I was born to a family of educators from Bagabag, Nueva Vizcaya. My parents taught in the public schools. The last American Schools Division Superintendent in Nueva Vizcaya Province was Carl Bennet, who married into one of the prominent Gaddang families – Aleja Cutaran from Bayombong. They are distant affinal relatives of ours, as the sister of Aleja Cutaran was married to Tio Salvador Roxas, aleady a Public School Supervisor at the time, who was the first cousin of my mother Primitiva Bunanig. Public Schools Superintendent Carl Bennet prodded his affinal relatives and the members of the local native populace, to go into education. The indigenous peoples or natives of Nueva Vizcaya, to which my parents belong, are known as the Gaddangs, an ethno-linguist group in the three (3) main adjoining towns of Bagabag, Solano and Bayombong. They speak the Gaddang language. By and large, most of the prominent Gaddang families in the three towns are inter-related by blood or as affinal relatives.
According to Rev. Orlando Lorenzo Maddela, Jr. who had done intensive research and study on the Gaddangs, in his paper “Tracing the Gaddangs” relates “that about 3, 000 years ago (approximately 1, 000 B. C. or half of a few thousand years from the last ice age) when the land bridges were under water, the first wave of Gaddang came to this northern part of Luzon (Ybalon island) on a big boat called “caracol” and landed on a coastal area now known as Calaccad and Paracelis. The Cagayan Valley was still non –existent and the Gaddangs navigated from the old Faru (Aparri) up to the foothills of the Palalli range where the ancestors of the Gaddangs of Bagabag, Solano, and Bayombong settled which was referred to as “Nallubbunan” (human settlement) in the upstreams of “Yrraya”, now the Magat River. The first Spanish mission from Nueva Segovia (Lal-lo, Cagayan, described the Gaddangs as “another people” “who are literate and have irrigated lands with two harvests; they have streets running at right angles and wedid not have anything to teach them. We left the cross at the plaza.” The Spaniards relating the “another people” in like manner, as the Basques of Spain (whose language can not be classified as Hispanic) gave the name Nueva Vizcaya. Another prolific historical research on the roots of the Gaddang people, by Dr. Dolly Guiab Lumicao-Mibolos, faculty member of the UP Department of History, disclosed that there were several resistances by the Gaddangs against the Spaniards colonizers. The many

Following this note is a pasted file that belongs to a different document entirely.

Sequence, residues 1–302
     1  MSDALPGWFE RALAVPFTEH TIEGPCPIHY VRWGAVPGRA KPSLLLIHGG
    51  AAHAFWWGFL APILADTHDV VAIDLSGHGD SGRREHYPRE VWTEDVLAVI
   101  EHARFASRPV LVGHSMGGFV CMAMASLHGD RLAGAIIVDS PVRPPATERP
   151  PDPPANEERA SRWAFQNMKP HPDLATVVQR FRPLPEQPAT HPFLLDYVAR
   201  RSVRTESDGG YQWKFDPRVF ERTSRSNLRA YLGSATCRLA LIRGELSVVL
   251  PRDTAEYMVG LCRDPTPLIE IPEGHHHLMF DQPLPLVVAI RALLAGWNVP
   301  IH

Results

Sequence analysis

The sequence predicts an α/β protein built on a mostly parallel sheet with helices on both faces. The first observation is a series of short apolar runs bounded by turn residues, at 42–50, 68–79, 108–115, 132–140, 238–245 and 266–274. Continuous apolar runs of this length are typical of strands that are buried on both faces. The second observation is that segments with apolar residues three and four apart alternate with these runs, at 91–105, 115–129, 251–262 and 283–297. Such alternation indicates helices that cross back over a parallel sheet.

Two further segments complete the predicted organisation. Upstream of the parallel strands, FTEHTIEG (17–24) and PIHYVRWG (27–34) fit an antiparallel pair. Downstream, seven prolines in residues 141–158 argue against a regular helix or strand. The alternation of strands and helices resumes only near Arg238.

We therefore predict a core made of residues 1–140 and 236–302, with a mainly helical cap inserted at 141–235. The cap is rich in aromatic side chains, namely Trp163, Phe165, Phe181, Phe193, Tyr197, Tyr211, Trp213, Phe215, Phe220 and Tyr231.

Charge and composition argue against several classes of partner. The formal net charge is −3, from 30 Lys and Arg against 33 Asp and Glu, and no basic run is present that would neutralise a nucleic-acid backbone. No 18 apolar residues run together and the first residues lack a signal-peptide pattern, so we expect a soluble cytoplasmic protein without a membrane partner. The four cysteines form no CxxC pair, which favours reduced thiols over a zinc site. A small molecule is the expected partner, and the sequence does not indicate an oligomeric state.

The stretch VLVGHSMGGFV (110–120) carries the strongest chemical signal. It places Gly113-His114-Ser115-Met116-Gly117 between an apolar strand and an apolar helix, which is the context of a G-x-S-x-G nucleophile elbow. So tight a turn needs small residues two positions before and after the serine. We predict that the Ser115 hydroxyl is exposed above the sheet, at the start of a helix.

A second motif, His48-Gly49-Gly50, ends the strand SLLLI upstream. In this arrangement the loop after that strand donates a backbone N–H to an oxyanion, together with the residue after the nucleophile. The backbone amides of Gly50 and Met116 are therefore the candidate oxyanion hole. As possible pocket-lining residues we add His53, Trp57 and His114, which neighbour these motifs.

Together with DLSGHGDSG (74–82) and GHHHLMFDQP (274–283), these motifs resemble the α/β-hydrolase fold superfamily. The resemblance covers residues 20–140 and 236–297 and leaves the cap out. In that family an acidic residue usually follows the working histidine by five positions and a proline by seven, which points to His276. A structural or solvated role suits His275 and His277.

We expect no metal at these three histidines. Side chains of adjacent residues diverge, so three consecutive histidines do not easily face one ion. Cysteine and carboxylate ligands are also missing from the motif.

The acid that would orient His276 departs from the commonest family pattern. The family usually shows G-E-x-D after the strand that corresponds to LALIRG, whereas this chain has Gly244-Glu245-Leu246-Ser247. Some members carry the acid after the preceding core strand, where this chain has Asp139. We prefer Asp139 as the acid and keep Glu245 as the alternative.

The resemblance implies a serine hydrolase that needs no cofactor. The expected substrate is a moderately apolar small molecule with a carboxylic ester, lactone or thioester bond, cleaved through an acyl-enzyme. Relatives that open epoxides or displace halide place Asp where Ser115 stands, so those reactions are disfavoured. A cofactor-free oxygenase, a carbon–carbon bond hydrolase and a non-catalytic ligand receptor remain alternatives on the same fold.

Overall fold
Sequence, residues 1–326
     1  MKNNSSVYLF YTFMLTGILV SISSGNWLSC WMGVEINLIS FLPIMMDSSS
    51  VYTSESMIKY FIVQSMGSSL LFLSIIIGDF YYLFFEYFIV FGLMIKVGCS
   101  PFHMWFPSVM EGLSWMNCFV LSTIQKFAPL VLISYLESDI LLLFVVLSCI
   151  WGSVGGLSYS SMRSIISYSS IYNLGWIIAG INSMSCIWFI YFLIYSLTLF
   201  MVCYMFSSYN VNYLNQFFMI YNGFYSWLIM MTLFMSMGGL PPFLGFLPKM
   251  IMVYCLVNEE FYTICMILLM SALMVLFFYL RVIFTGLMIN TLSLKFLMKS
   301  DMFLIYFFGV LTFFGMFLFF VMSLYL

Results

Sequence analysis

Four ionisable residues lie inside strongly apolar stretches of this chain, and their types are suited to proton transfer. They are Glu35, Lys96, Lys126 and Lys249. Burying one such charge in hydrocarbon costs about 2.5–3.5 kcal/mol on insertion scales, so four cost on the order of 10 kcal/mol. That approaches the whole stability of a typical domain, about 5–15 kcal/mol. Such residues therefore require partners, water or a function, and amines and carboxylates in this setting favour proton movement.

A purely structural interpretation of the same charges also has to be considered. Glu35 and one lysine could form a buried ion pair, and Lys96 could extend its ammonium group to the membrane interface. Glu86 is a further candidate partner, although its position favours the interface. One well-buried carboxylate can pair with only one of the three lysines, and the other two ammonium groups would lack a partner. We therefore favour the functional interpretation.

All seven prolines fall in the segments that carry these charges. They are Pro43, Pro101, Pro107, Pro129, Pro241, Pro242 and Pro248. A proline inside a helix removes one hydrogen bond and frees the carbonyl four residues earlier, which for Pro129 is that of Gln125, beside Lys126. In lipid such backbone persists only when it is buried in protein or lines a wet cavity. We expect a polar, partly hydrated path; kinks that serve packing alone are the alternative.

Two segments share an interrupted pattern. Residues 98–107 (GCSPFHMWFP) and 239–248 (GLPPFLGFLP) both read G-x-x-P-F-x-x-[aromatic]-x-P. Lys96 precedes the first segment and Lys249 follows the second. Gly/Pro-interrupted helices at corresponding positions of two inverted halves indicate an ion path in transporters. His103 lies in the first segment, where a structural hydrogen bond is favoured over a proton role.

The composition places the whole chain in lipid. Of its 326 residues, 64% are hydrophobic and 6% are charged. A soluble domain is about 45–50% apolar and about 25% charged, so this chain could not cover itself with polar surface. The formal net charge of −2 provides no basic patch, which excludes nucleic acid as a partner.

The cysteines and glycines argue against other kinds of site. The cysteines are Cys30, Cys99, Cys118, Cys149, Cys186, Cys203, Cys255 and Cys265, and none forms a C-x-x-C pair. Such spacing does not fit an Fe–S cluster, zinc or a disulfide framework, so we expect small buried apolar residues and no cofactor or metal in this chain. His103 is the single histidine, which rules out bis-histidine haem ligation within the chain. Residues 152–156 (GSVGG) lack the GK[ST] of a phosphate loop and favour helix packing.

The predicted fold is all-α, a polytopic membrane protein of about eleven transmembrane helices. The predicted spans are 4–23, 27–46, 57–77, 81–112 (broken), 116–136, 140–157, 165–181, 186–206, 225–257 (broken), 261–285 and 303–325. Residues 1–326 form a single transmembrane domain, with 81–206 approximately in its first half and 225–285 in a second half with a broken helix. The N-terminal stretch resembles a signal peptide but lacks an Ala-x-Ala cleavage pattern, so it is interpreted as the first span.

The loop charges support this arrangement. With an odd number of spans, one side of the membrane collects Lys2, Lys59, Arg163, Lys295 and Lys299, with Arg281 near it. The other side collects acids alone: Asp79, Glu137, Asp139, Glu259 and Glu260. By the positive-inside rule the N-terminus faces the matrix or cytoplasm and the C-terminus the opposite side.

military expedition that the Spaniards launched from 1572-1596 to conquer Nueva Vizcaya achieved very little. The strategic importance of Nueva Vizcaya lying between Cagayan and Central Luzon meant the pacification of all Cagayan and the island of Luzon was dependent on the colonization of Nueva Vizcaya. The Spaniards stationed their expedition force at Bagabag, as a staging area to penetrate into Ifugao. Between 1596-1639 there were several Gaddang revolts against the Spaniards. According to Rev. Orlando Maddela, Jr. the most significant, were those led by Cuntapay and Dayag in 1621.